The White House has signed off on the re-nomination of Idaho Judge David Nye to fill Idaho’s long-vacant federal district judgeship, Idaho Sens. Mike Crapo and Jim Risch said Thursday.
“The White House has told me that Judge Nye will be included in the very first group of district judicial nominees that it sends to the Senate,” Crapo said. “While I have yet to be given a definitive timeline for that renomination, I will be active in ushering Judge Nye through the Judiciary Committee once his nomination is received.”
Nye won unanimous support from the Senate Judiciary Committee last June, but his nomination never came up for a vote in the full Senate, as both parties continued wrangling over the Senate GOP leadership’s refusal to consider then-President Obama’s U.S. Supreme Court nominee, Merrick Garland. Though Crapo and Risch continued pushing for the Idaho nomination, they had to start over after the election, to get new President Donald Trump to sign on.
"We have been in constant communication with the White House regarding Judge Nye," Risch said Thursday. "The White House has assured us that he will be in the first wave of judges to advance, and we anticipate that happening soon."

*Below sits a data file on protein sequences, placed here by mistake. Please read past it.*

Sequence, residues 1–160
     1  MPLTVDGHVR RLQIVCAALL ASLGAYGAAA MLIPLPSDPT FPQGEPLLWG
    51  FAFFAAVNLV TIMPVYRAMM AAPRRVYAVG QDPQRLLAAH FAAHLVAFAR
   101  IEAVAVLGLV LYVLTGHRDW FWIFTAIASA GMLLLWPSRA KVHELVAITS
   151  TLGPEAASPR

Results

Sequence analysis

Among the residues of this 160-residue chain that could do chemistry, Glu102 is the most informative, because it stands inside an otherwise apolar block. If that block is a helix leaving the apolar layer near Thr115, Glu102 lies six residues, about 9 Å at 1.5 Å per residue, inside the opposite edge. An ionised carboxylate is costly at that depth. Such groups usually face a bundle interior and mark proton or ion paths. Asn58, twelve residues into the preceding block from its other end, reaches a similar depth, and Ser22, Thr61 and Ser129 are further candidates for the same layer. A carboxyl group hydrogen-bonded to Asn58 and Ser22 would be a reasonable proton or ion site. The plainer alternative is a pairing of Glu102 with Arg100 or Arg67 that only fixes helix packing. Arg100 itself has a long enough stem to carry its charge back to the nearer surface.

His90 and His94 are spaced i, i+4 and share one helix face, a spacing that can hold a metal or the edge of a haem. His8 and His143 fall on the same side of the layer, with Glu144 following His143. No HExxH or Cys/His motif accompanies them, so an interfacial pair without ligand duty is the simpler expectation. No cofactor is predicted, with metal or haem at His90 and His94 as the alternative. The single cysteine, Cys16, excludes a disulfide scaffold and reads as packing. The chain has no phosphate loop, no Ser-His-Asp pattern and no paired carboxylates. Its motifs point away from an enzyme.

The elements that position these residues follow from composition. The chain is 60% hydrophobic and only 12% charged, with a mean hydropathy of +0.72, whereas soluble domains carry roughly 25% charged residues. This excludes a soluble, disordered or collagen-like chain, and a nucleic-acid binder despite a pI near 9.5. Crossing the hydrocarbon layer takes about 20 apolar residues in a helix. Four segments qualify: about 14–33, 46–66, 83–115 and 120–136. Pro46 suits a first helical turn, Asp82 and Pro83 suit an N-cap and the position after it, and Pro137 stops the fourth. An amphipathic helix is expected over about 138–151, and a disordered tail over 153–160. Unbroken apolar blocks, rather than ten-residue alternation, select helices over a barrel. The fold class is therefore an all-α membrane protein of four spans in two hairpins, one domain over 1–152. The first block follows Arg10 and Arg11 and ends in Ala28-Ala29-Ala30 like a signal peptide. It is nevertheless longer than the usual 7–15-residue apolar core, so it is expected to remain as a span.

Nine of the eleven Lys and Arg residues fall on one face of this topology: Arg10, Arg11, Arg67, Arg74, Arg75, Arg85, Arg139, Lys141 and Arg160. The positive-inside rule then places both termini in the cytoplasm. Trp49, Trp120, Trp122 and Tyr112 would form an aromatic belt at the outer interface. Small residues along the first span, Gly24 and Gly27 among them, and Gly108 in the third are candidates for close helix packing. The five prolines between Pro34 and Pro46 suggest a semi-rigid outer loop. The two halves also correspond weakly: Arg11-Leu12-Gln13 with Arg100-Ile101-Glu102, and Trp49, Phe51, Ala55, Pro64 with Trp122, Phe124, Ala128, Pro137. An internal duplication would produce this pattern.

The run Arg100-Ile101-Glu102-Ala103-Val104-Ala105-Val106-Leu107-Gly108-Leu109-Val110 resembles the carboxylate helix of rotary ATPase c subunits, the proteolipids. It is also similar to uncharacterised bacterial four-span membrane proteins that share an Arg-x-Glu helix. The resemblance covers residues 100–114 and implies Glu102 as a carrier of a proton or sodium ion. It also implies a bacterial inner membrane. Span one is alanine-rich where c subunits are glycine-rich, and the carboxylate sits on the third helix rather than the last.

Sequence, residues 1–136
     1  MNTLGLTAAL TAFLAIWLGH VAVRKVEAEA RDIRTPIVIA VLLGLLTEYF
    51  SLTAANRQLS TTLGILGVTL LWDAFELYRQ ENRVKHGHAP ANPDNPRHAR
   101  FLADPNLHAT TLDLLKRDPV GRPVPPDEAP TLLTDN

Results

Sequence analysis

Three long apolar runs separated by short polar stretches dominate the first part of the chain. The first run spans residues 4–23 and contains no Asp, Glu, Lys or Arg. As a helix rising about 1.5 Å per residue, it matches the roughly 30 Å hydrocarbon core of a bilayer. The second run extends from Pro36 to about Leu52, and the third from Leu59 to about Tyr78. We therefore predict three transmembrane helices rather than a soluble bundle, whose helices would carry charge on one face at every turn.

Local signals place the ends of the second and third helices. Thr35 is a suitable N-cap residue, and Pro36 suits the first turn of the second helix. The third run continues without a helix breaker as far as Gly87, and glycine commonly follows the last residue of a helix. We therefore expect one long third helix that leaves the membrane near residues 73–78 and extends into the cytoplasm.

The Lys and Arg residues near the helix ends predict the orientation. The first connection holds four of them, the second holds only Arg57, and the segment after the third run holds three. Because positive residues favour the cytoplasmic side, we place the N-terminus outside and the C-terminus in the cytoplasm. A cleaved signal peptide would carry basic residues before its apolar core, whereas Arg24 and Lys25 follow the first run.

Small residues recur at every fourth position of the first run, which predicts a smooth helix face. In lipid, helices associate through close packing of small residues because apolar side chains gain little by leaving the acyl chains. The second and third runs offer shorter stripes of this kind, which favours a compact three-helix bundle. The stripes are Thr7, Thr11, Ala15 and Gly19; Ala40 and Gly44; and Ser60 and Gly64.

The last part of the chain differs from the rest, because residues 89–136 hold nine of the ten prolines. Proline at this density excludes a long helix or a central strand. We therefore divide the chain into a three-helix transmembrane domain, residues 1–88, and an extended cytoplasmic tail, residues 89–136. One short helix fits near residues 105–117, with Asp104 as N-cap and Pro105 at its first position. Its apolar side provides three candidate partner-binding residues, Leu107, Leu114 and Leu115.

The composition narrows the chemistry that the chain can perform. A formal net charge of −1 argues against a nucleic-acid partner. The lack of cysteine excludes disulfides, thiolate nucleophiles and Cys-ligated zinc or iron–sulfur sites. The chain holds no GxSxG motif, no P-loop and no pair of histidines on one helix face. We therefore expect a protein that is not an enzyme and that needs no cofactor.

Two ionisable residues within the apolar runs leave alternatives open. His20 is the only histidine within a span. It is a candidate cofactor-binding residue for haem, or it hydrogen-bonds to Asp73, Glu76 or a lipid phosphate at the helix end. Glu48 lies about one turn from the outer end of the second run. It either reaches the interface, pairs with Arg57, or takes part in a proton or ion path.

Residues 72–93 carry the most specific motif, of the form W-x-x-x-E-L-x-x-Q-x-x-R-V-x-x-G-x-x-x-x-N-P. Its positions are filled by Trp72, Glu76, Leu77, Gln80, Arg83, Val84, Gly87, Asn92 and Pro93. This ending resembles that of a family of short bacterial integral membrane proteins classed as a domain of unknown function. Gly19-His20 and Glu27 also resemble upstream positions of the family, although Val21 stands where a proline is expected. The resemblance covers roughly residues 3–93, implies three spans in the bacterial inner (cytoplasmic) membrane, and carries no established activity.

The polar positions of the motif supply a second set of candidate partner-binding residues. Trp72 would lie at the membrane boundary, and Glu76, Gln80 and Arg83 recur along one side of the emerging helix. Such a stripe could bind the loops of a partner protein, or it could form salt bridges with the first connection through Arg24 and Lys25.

Idaho has been down to just one active federal district judge since longtime Judge Edward Lodge took senior status on July 3, 2015. The federal court system has declared a judicial emergency in Idaho due to the shortage of judges.
When the new Congress convened this year, Crapo joined the Judiciary Committee, saying it would help him shepherd the nomination and also push for Idaho to get a third federal district judge.
Idaho’s congressional delegation has long been pushing for Idaho to get a third judgeship; the nonpartisan Judicial Conference of the United States has recommended in every one of its reports to Congress since 2003 that Idaho be authorized for a third judgeship. However, Congress hasn’t authorized any additional federal district judgeships since 2002.
At last June’s Senate Judiciary hearing on Nye, Crapo told the committee, “The result is that we have a three-judge caseload being handled by two judges.” And since Lodge took senior status, “We have been a three-caseload state being handled by only one active judge.”
The two senators and the Obama Administration negotiated for a year and a half before settling on Nye as a nominee acceptable to both President Obama, a Democrat, and the two Idaho senators, both Republicans. The long process included considering and rejecting dozens of other possible nominees.
Nye, 58, has been an Idaho 5th District judge since 2007; prior to that, he practiced law in Pocatello for 20 years, specializing in medical malpractice and insurance law. He holds both bachelor’s and law degrees from Brigham Young University.
“He previously appeared before and was unanimously approved by the Judiciary Committee,” Crapo said, “so I will be working with my colleagues to move his renomination quickly.”